As Taiwan’s number of official allies dwindles, support from sympathetic non-allies becomes increasingly important. At COP28, some were more vocal than others. During the conference’s closing plenary session, Germany’s Minister for Foreign Affairs Annalena Baerbock included Taiwan on the list of countries paying close attention to the outcomes of the meeting.  

The fact that Taiwan was mentioned in an official capacity by a representative from a “like-minded nation” – a term used for non-allied countries sympathetic to the Taiwanese cause – is significant, Huang notes. “It shows that Taiwan still has many friends all over the world,” he says.  

When Lin was invited to speak at a COP28 panel on her work with the Taiwan Hydrogen and Fuel Cell Partnership, she jumped at the chance. “This is a good opportunity to let the world see what we are doing in Taiwan,” she says. “My presence was not political, but I was proud to say, ‘I am from Taiwan.’” 

Lin emphasized that Taiwan is actively working toward decarbonization but needs support. Inclusion in official rankings would help Taiwan measure its progress and encourage further action in decarbonization.  

“We have to work three times as hard to reach the same goals as everybody else, and our factories cannot stop, or the world will run out of chips,” she says. “Yet we’re not even included in the statistics of many international organizations, like the Organization for Economic Cooperation and Development (OECD).” 

In addition to needing assistance, Taiwan can also help. Lin says that during her Ph.D. studies she used to idealize how things are done in other countries. But after traveling abroad extensively for work, she realized that Taiwan also has plenty to offer. For example, Taiwan is especially adept at fast, small-scale manufacturing and is an ideal partner for cutting-edge climate technology.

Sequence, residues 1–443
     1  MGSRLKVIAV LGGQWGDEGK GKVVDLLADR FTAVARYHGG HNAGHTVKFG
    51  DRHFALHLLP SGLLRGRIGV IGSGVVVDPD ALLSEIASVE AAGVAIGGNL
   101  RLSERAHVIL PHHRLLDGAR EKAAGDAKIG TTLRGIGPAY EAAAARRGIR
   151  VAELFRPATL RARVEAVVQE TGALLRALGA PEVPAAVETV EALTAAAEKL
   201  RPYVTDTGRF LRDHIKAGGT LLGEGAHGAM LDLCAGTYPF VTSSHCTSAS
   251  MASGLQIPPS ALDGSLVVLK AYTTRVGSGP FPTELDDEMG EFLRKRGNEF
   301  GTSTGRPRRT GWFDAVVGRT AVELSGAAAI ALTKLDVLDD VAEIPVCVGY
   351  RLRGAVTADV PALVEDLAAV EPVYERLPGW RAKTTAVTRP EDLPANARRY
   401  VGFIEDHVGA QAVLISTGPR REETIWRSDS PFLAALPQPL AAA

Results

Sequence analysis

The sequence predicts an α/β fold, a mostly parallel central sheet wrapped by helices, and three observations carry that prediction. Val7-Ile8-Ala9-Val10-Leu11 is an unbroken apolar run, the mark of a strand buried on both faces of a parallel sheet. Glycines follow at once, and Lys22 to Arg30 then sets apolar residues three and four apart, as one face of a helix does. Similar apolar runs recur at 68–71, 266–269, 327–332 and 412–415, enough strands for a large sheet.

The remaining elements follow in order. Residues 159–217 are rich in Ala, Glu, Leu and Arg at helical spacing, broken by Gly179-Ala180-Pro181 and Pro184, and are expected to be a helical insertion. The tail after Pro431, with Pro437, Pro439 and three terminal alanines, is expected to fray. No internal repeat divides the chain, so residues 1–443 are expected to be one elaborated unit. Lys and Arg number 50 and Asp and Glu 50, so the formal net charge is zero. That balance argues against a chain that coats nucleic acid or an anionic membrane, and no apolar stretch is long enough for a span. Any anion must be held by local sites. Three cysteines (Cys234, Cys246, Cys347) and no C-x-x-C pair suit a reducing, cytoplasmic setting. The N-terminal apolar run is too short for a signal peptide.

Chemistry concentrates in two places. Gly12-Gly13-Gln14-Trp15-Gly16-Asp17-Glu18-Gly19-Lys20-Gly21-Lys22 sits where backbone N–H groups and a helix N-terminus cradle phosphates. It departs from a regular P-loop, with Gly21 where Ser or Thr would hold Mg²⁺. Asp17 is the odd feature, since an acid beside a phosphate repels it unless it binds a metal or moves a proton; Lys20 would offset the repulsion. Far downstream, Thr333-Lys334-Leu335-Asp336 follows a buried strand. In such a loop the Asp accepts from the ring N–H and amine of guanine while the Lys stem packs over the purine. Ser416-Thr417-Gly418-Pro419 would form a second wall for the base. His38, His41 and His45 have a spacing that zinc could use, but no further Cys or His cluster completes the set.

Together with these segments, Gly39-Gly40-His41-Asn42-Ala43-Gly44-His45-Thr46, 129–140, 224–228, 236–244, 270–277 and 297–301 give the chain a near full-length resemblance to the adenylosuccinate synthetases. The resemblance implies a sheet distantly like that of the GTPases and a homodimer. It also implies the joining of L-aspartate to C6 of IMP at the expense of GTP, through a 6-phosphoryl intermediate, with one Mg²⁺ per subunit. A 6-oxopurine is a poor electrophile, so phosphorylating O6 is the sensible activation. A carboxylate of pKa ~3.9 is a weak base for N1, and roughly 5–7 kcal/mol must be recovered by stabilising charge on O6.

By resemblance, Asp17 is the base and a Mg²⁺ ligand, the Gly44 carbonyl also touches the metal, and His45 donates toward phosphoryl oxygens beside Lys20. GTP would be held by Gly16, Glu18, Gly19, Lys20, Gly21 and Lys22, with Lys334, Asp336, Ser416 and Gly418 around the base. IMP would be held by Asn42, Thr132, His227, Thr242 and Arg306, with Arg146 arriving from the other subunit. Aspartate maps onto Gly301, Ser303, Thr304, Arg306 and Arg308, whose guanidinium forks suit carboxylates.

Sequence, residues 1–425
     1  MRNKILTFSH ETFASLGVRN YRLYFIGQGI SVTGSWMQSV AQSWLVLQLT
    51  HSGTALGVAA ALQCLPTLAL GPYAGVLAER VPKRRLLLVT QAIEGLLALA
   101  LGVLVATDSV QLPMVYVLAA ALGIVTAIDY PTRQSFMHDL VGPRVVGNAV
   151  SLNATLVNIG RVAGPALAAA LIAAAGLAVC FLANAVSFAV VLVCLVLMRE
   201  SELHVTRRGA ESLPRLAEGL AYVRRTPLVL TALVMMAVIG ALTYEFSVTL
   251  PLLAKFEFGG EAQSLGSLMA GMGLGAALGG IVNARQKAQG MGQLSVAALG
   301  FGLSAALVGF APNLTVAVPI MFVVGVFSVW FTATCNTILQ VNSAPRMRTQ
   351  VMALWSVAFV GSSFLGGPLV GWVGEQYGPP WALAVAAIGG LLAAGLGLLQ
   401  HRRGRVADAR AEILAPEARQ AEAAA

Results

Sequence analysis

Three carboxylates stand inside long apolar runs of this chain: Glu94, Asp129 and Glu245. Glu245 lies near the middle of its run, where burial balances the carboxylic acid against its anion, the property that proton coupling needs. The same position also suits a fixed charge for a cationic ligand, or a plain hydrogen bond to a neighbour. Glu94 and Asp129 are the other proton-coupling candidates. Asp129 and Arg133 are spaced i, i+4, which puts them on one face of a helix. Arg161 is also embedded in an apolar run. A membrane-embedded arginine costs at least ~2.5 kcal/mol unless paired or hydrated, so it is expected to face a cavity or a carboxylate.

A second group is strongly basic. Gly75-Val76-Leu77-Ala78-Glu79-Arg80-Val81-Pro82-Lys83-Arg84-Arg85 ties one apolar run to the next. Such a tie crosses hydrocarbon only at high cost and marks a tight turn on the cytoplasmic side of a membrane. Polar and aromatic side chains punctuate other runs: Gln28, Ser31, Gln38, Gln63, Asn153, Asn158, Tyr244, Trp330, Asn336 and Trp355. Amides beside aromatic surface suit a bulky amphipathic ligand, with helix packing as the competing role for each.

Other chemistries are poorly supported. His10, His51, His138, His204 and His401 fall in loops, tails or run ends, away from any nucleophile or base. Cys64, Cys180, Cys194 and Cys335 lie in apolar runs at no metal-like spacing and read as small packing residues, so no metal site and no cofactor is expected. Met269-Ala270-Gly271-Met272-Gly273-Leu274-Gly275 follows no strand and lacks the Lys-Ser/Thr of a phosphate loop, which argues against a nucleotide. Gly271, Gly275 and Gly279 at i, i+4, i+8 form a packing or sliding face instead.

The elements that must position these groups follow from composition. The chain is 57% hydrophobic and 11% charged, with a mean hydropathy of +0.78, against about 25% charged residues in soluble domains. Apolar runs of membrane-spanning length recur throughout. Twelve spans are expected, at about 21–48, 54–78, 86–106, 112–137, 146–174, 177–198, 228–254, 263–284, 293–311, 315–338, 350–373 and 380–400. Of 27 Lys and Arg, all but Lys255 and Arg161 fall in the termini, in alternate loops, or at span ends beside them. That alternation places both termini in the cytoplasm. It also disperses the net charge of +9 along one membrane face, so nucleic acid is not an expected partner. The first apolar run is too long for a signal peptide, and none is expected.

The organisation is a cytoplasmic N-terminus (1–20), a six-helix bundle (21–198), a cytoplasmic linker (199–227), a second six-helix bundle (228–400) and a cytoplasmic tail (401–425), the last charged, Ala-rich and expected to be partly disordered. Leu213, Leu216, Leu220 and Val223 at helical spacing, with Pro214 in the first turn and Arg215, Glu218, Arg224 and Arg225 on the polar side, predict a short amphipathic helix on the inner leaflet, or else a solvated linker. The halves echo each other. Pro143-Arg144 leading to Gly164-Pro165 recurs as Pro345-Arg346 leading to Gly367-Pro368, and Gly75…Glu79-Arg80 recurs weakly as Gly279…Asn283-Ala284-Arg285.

“It’s impressive that a country with such a small population managed to attain such a high level of technology,” says Lin.  

Environmental student Lin Jia-you says coming to COP was an eye-opening experience.

She says she values her experiences at COP28, especially the connections she made with curious and encouraging peers in her field. But she still questions why Taiwan remains excluded from an event that ostensibly promotes inclusivity and equity.  

“COP is not supposed to be just about greenhouse gas emissions, but a just transition that includes equity and inclusion,” she says. “We respect gender inclusion and racial inclusion – but what about the people of Taiwan? You say COP is about global sustainability, but you take away our right to speak. Is that aligned with COP’s founding values?” 

For Lin Jia-you, a 22-year-old student at Feng Chia University’s Department of Environmental Engineering and Science, coming to COP was an eye-opening experience. “Most of my studies revolve around water resources and air pollution – it’s great for me to be exposed to cutting-edge thinking from fields such as ocean conservation,” he says. 

At COP, Lin encountered new avenues that could influence his future research as well as valuable networking opportunities. “Coming here I got to see a lot of world trends for myself,” he says. “For instance, in Taiwan, we are very conservative about nuclear energy. But at COP, we see that many countries embrace it and are willing to invest.” 

He emphasizes the importance of Taiwanese people continually participating and learning how Taiwan can improve, adding that he intends to keep attending COP conferences. “One day, if we can actually participate officially, I’m sure we will have even more opportunities to cooperate with the world.”